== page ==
Blackburn Rovers v Sheffield Wednesday - Continuity key for Owls to carry out Garry Monk’s message

Sheffield Wednesday's Joey Pelupessy. Picture: Steve EllisSheffield Wednesday's Joey Pelupessy. Picture: Steve Ellis
Sheffield Wednesday's Joey Pelupessy. Picture: Steve Ellis
Sheffield Wednesday players have had to be nothing if not adaptable over the last eight months.

Since they were last at Ewood Park, the Owls have had three changes of management regimes.

It speaks volumes for the clarity of present boss Garry Monk’s message and the receptiveness of his players that despite that, they take on Blackburn Rovers again today within striking distance of Championship leaders West Bromwich Albion.

Hide Ad
Hide Ad

When it comes to getting used to new managers, Joey Pelupessy may not have as much experience as some of his team-mates, but he knows a thing or two about adaptability.

Sheffield Wednesday manager Garry Monk. Picture: Martin Rickett/PASheffield Wednesday manager Garry Monk. Picture: Martin Rickett/PA
Sheffield Wednesday manager Garry Monk. Picture: Martin Rickett/PA

The Dutch midfielder uprooted from his homeland in January 2018 and has had to adjust to the far more intense and varied styles of play and feast-or-famine fixture list of English football’s second tier.

Ten minutes before kick-off against Leeds United last week he had to get his head around starting the game after an injury to Julian Borner in the warm-up saw him promoted from the bench.

December’s 4-2 defeat in Blackburn was another sign that Jos Luhukay’s time as manager was coming to an end. Within weeks he had been replaced by Steve Bruce, who put right-hand-man Steve Agnew in caretaker charge while he took extra time off to recuperate from two operations.

Hide Ad
Hide Ad

Bruce left for Newcastle United in the summer, leaving Lee Bullen in temporary control until Monk’s arrival in September.

“It was a period of eight months where we changed a lot of things,” says Pelupessy.

“In Holland I had the same manager for the last three or four years (with previous club Heracles) and I saw only one change. At Twente there was maybe only one change in three or four years.

“Steve Bruce came in shortly after that Blackburn game and changed the team a little bit. At the beginning I didn’t play much so that was also hard.

Hide Ad
Hide Ad

“At the end of the season I played a few times in the first XI then the season finished and we had a new manager. At first Mr Bullen took it over, then this manager came. Every time you have to show what you can do. It’s not always easy but I think you get stronger and learn from that.”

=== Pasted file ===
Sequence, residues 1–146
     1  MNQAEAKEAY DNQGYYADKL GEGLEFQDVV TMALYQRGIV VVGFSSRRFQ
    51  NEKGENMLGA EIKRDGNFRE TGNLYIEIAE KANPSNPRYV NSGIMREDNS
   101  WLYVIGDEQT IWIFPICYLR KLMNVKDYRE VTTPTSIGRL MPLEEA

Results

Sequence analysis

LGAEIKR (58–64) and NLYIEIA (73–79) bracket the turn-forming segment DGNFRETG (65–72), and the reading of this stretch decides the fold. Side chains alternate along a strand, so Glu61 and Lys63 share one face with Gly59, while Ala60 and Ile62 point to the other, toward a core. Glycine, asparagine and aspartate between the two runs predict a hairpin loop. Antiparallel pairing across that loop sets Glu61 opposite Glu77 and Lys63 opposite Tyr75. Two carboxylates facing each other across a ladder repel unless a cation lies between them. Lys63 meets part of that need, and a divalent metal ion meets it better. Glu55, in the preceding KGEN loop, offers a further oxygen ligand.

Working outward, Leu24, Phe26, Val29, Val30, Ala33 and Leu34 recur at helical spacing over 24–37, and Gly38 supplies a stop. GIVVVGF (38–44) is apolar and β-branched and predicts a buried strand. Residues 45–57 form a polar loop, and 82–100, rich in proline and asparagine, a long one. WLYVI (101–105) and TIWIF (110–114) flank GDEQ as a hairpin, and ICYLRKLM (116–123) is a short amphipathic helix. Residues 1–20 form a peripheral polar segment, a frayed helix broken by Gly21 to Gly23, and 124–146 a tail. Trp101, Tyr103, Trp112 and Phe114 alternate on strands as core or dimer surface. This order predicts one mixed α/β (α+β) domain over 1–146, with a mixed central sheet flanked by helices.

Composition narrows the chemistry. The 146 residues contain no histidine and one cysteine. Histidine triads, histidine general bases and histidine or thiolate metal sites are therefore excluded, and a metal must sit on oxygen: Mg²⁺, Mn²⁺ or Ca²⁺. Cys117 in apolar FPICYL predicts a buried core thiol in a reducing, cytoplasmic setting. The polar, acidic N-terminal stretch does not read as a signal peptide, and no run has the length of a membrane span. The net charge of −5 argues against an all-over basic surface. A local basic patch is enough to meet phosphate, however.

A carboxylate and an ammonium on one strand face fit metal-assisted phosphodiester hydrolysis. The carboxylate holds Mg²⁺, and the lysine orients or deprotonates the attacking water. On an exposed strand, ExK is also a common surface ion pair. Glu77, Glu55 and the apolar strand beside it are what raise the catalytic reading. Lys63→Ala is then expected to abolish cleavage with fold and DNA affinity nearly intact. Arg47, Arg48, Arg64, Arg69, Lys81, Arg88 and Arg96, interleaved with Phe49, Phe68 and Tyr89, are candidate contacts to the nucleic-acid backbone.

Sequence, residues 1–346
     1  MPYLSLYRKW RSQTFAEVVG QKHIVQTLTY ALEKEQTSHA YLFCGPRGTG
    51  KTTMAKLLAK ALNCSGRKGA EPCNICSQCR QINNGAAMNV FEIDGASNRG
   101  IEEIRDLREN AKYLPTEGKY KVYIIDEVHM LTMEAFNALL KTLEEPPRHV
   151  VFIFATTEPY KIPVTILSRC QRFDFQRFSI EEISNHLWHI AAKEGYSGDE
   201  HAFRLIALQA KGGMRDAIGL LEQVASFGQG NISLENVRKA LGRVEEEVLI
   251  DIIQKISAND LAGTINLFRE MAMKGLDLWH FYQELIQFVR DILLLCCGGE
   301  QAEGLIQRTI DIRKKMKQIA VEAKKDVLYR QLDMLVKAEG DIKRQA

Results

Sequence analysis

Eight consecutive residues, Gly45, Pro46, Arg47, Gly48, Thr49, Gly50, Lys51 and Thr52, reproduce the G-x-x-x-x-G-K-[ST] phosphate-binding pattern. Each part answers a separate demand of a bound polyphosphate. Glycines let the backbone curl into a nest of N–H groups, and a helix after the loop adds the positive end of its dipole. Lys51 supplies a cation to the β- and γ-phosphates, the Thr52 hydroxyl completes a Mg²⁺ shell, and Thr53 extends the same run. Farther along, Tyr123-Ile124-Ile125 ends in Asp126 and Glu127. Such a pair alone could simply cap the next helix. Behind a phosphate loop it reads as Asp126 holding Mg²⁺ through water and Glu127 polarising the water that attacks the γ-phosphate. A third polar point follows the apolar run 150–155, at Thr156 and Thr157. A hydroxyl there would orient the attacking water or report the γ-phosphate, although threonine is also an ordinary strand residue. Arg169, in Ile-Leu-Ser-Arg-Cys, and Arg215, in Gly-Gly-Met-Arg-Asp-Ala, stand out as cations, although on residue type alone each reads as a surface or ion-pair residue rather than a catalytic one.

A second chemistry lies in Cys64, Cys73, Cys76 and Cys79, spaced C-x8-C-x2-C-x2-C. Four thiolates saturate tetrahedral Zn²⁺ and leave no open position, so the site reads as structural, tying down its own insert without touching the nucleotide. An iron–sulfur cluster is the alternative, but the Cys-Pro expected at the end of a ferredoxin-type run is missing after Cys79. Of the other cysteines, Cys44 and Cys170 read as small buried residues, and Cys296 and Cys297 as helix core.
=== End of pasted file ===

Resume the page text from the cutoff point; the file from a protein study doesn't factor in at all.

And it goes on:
New managers often bring a bounce but what has been impressive about Wednesday under Monk is their organisation.

It is not by chance they have only conceded four times in his eight league games, and sit just three points off the top.

“The defensive organisation is the foundation, especially in this league, and then you work from there,” explains Monk. “I didn’t have the luxury of pre-season but what we have been able to do in a short space of time is give them that foundation.

Hide Ad
Hide Ad

“I have learned from experience that the key is to put the team in a position where they can be really competitive. It is not going to be the finished article and it is not what we eventually want to be overall but that foundation means you can compete in games straight away.

“If you can gather points and be competitive in every game like we have done, that gives you time to build the rest and gives confidence and belief to the players.”

Monk talks about a “clarity”, which can only come from not over-complicating his message and players intelligent enough to take it on board.

“I have told them what I expect with the ball and exactly what I expect when we don’t have the ball,” says Monk. “Players work better when they know exactly what is expected from them. Within that, you allow their creativity and quality to come through.

Hide Ad
Hide Ad

“I have always thought if you can get a year of work with a team then eventually they know their roles and the team’s and that’s when you have got a fully-functioning team.”

It has been hammered home with monotonous shadow work.

“We practised a lot with 11 players against zero to practice if the ball’s on the left side, we move together, if it’s on the right side we move together, we stay compact,” reveals Pelupessy. “For the first two weeks we did this almost every day and it was maybe getting a little bit boring but we know we need this to be solid, compact and comfortable. We’re still doing it.

“Everyone’s comfortable in the squad, sure what he has to do, when he has to press, what the movements will be when he has the ball, all these details, and we still have to work on it but it’s going well.”

For everyone’s sake, the hope must be that this latest management change is the last for a while.